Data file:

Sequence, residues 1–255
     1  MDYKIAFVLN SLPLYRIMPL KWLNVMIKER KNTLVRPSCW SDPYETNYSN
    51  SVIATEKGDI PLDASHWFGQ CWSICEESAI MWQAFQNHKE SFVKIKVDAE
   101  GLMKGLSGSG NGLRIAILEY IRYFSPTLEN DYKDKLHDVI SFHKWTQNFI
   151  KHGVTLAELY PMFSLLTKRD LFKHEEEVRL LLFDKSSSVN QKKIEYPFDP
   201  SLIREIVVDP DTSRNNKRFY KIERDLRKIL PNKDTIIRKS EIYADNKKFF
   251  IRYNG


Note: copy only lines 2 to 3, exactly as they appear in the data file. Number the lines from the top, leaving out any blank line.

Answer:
     1  MDYKIAFVLN SLPLYRIMPL KWLNVMIKER KNTLVRPSCW SDPYETNYSN
    51  SVIATEKGDI PLDASHWFGQ CWSICEESAI MWQAFQNHKE SFVKIKVDAE